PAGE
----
Overall (n = 171)

46 (0–342)

Low-0 (n = 15)

153 (0–667)

Intermediate-1 (n = 58)

89.5 (0–473)

Intermediate-2 (n = 59)

0 (0–251)

High ≥3 (n = 39)

0 (0–216)

IPSS, International Prognostic Scoring System.
*Adapted from Mead et al.1

  • Overall, patients with high-risk disease were given active treatment sooner
    • However, some patients with high-risk classification were on a ‘watch-and-wait’ treatment strategy
  • ‘Watch-and-wait’, ruxolitinib, and hydroxycarbamide (aka hydroxyurea) were the most common first-line approaches (Figure 2).

Figure 2. First-line treatment by IPSS risk score*

IPSS, International Prognostic Scoring System.
*Adapted from Mead et al.1

  • Notably, interferon-alfa was rarely used
  • The proportion of patients undergoing the ‘watch-and-wait’ management decreased, and the percentage of patients receiving ruxolitinib increased with an increasing risk score.
    • A total of 134 courses of the ‘watch-and-wait’ management strategy were recorded, and 81 persisted for ≥6 months
    • A total of 111 courses of ruxolitinib were recorded, with 81 persisting for ≥6 months
    • A total of 68 courses of hydroxycarbamide treatment were recorded, with 44 persisting ≥6 months
  • Allogeneic hematopoietic stem cell transplantation (allo-HSCT) was given to only 10 patients (5%), none of whom received this as a first-line treatment
    • A total of 39 patients were <70 years old at diagnosis with an IPSS score of intermediate-2 or high-risk, and three underwent allo-HSCT (8%) which is slightly higher than the overall population
    • Median age for allo-HSCT was 59.5 years
  • As well as the IPSS risk score, the ‘watch-and-wait’ management decreased in incidence in more recent years (Figure 3)

Figure 3. First-line treatment strategies by year*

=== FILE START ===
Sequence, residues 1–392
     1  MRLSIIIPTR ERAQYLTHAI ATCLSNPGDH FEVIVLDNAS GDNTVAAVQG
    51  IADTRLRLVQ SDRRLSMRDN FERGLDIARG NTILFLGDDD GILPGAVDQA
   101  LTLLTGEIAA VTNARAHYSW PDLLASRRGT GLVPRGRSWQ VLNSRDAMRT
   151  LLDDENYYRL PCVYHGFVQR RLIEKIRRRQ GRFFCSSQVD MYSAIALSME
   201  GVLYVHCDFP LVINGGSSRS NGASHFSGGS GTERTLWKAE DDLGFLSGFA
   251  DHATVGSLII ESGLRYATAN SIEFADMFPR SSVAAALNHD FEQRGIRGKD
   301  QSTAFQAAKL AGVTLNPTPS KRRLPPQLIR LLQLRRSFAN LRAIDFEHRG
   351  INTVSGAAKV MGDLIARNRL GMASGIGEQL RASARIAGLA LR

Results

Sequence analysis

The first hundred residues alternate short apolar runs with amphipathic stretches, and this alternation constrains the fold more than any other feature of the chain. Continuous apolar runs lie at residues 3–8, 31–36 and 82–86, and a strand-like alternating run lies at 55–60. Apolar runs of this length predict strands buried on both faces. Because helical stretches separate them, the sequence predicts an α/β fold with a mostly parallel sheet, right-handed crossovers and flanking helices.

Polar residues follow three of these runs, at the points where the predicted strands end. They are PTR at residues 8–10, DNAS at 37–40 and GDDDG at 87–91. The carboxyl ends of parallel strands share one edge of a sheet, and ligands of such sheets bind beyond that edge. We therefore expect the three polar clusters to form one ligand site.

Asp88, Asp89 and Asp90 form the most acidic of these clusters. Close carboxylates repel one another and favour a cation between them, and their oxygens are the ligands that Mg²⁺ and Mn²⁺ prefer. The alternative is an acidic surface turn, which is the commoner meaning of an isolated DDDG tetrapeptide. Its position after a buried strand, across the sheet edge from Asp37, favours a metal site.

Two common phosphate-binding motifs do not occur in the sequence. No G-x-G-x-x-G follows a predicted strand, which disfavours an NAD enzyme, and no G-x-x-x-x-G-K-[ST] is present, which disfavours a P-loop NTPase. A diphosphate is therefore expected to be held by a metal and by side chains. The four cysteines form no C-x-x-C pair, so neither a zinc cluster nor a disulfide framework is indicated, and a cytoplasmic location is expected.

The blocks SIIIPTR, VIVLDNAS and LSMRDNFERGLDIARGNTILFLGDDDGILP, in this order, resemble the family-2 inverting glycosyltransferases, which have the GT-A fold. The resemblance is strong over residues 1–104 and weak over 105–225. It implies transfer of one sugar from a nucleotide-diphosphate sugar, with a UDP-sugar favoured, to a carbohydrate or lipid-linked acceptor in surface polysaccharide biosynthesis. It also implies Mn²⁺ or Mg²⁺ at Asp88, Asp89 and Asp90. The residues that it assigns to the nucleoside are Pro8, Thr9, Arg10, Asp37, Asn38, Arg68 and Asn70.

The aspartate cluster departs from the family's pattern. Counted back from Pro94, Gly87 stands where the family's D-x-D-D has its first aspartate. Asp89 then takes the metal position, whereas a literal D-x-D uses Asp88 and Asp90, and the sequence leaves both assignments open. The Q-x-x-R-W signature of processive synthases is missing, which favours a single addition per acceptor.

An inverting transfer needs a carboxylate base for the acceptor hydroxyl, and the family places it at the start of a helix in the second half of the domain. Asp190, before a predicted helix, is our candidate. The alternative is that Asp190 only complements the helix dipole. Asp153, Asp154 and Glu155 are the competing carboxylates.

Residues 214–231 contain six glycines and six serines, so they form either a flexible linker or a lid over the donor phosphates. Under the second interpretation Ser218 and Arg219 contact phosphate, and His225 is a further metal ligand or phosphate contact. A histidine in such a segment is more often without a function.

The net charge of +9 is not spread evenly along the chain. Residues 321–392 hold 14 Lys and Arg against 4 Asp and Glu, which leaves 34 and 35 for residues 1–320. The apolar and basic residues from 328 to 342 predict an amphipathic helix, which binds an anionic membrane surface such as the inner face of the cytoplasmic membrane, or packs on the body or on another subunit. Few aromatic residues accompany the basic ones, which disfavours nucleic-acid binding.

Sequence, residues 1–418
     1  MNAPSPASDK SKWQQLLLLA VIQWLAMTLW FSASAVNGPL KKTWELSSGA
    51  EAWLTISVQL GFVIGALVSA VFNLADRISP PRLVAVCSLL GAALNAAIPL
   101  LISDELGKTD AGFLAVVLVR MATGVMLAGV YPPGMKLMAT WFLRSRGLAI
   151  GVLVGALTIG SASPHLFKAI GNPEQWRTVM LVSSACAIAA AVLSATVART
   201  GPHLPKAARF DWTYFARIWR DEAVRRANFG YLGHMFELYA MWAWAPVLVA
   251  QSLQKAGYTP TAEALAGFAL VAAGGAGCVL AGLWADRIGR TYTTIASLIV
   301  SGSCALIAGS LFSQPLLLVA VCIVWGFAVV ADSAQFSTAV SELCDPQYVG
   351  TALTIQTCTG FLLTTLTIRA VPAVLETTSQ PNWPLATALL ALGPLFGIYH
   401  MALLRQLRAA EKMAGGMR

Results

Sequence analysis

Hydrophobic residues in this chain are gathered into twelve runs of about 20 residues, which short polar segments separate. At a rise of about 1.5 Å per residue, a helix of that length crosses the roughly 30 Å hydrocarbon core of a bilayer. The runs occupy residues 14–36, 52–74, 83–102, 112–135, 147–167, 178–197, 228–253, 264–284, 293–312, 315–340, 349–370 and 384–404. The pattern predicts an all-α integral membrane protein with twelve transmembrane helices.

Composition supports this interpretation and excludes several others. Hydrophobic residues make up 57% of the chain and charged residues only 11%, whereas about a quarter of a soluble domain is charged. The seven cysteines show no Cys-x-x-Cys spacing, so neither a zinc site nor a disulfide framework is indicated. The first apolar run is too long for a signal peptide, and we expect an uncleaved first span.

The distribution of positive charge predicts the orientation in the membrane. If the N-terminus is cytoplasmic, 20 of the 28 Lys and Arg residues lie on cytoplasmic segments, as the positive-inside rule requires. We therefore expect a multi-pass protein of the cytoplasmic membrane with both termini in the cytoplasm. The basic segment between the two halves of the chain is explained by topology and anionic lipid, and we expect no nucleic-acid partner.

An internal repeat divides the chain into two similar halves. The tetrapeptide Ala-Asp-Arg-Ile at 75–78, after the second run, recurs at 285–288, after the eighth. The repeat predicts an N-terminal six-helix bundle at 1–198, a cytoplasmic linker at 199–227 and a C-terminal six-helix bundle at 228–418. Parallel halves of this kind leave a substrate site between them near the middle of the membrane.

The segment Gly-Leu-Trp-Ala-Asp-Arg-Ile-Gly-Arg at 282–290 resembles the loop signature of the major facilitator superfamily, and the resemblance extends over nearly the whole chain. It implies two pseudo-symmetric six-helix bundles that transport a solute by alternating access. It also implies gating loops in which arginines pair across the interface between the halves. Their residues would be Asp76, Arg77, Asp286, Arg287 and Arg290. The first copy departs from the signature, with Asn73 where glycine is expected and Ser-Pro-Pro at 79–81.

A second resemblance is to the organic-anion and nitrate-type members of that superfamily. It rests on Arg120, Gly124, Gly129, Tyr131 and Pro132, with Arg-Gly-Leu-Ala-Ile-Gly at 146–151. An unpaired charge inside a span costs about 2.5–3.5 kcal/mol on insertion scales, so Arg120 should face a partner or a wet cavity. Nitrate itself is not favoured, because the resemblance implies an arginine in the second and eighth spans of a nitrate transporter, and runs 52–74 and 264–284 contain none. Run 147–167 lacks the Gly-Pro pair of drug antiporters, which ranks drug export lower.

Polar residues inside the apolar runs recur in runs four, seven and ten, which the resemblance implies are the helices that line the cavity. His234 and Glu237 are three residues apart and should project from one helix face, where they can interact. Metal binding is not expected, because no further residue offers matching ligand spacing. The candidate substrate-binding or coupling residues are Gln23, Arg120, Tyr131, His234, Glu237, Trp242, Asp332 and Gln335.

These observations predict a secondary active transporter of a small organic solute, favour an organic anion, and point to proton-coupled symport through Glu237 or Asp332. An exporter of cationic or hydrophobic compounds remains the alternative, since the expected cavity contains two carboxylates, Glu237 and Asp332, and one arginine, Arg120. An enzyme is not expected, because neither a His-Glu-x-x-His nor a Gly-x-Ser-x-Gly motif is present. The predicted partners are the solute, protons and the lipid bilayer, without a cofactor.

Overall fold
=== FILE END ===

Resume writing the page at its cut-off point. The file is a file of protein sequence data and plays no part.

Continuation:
*Figure from Mead et al.1

Treatment duration

The shortest median duration of treatment (interquartile range [IQR]) was observed for ruxolitinib (541.5 days [313.5–998.8]), then hydroxycarbamide (608.0 days [407.5–988.5]), and finally, ‘watch-and-wait’ (619.0 days [392.0–973.0]).

Causes of death

  • A total of 47 patients died while receiving MF management
    • Of these deaths, 63.8% were MF-related
  • The causes of death are summarized in Figure 4.

Figure 4. Causes of death*

MF, myelofibrosis.
*Adapted from Mead et al1

Conclusion

Retrospective, real-world data from the REALISM UK study demonstrate a lack of substantial recording of patient-reported symptoms and diagnostic criteria which are important for deciding treatment. Although in decline in recent years, almost half of patients were reported to have ‘watch-and-wait’ treatment, which was sometimes given for patients classified as high risk. These data demonstrate a need for earlier treatment intervention in the UK. Hydroxycarbamide remains a common approach, though less effective than ruxolitinib, indicating that patients with a high symptom burden were treated with options that may not improve disease symptoms. The discontinuation rates with hydroxycarbamide and ruxolitinib were high, highlighting the need for more understanding of reasons behind this, and a guidance on when to discontinue treatment.

Expert Opinion

In this Novartis sponsored real world observational note review we focussed upon the pathway from diagnosis to treatment for myelofibrosis in the UK. We found that both symptoms and prognostic scores at diagnosis were poorly documented. Time to first treatment was shorter for patients with higher risk disease and only 5% of patients underwent stem cell transplant. Other important insights included that 35% of patients required blood transfusion.

  1. Mead AJ, Butt NM, Nagi W, et al. A retrospective real-world study of the current treatment pathways for myelofibrosis in the United Kingdom: The REALISM UK study. Ther Adv Hematol. 2022;13:20406207221084487. DOI: 1177/20406207221084487